Daniel R. Quiles

Marked Gaze: Edin Vélez, 1977-1984
Thursday, October 03, 4:15 p.m.5:30 p.m.
Sullivan Galleries, 7th floor
33 S. State St.
Chicago, IL
United States

Despite being “the first Puerto Rican video artist”—a label he disdained—Edin Vélez is relatively unknown today.
This lecture examines several of his early works in context, in particular Meta-Mayan II, 1981. Shot in the Guatemala
Highlands as the country’s civil war was escalating at the dawn of the Reagan era, Meta-Mayan II is a disturbing
artistic response to a mounting genocide and the indigenous communities in its crosshairs. Vélez eschews fellow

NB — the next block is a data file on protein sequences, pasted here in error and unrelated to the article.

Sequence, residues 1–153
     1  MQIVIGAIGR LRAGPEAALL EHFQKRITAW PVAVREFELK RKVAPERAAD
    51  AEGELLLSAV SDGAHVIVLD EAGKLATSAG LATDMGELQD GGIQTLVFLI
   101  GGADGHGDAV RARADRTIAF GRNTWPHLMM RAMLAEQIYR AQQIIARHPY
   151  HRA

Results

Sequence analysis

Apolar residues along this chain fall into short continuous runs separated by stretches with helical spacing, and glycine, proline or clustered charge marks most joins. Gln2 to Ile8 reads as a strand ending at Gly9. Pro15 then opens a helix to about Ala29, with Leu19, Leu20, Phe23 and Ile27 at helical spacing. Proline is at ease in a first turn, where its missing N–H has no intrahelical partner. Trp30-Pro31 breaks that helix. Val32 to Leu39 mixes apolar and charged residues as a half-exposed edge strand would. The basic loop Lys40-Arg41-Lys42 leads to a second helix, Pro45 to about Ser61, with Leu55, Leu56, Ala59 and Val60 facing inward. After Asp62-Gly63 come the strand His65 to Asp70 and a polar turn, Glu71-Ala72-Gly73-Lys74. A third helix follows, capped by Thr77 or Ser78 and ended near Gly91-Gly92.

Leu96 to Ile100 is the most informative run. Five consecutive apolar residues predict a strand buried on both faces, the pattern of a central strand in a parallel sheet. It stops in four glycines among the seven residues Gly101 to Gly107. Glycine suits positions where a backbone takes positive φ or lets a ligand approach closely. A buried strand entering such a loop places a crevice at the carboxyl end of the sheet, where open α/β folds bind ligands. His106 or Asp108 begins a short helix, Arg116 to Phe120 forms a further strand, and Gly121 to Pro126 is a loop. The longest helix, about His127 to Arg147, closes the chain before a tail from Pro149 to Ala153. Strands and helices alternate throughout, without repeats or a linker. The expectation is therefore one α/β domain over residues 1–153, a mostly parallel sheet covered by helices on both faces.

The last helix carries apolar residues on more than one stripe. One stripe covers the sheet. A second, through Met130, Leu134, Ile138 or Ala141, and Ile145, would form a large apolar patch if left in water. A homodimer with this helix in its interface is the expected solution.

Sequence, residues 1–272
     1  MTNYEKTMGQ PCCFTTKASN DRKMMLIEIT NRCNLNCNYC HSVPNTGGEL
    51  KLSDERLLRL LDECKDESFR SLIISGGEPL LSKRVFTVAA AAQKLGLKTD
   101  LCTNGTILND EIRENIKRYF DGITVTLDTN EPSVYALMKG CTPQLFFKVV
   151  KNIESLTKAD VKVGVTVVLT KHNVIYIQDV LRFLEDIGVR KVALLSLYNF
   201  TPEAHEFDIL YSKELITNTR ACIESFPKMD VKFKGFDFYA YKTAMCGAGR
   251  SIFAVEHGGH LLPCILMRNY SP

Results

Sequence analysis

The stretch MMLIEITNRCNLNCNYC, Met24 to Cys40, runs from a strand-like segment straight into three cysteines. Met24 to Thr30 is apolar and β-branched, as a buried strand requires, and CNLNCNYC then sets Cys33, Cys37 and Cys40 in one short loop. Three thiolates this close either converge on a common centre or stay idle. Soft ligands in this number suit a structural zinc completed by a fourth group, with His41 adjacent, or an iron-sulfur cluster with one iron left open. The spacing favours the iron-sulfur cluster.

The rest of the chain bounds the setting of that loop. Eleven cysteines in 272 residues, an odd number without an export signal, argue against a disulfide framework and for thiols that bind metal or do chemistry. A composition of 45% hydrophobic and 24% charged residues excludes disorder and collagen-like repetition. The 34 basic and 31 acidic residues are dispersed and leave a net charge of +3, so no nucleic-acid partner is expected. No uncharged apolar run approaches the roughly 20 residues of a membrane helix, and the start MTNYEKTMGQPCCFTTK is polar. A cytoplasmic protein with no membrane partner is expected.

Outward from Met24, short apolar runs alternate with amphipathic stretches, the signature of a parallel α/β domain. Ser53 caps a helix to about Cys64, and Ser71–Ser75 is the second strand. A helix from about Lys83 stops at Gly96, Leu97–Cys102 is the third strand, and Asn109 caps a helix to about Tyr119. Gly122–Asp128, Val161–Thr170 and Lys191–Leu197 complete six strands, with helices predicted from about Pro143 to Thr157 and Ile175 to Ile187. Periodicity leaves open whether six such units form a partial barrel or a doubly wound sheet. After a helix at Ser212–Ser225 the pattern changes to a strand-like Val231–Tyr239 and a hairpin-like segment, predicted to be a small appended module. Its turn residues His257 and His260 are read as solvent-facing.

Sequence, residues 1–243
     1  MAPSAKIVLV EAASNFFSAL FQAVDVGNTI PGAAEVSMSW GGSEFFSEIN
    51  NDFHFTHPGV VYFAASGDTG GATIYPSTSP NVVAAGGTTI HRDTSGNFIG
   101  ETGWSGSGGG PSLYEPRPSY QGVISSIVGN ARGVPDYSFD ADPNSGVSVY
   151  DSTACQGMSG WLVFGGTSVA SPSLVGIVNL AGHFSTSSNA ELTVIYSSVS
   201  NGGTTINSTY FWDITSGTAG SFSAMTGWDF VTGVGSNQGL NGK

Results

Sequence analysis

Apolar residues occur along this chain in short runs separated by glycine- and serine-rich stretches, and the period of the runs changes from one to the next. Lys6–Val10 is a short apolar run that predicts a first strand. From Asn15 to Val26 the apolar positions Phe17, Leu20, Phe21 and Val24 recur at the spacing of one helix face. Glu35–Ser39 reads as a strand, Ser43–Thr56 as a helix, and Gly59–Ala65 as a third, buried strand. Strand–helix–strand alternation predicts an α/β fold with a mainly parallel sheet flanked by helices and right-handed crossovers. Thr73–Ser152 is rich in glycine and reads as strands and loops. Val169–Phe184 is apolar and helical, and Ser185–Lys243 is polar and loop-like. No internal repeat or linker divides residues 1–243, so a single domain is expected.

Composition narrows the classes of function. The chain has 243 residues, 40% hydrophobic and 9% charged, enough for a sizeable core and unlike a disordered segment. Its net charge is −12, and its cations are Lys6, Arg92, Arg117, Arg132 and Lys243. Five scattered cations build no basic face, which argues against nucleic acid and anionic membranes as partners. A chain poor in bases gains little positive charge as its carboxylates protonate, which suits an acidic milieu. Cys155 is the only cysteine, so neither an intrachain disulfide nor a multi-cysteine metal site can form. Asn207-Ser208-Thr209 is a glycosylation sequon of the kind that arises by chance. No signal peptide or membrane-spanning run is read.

artists Juan Downey and Bill Viola’s idealization of indigenous people and traditions, instead filming his Mayan
subjects confrontationally, without permission—restaging the surveillance they were already under by the state.
Rather than a nationless artist nomad, Vélez marked himself a (colonized) citizen of the country funding and training
Guatemala’s death squads. His next project was Oblique Strategist Too, 1984, a profile of musician Brian Eno.
Landscape is central to both videos; in the former as the contested territory of colonialism past and present, in the
latter as a figure of the artist’s freedom (and privilege). Manifesting as an invasive, unavoidable gaze, Vélez was
himself negotiating these drastically different avenues of representation and critique.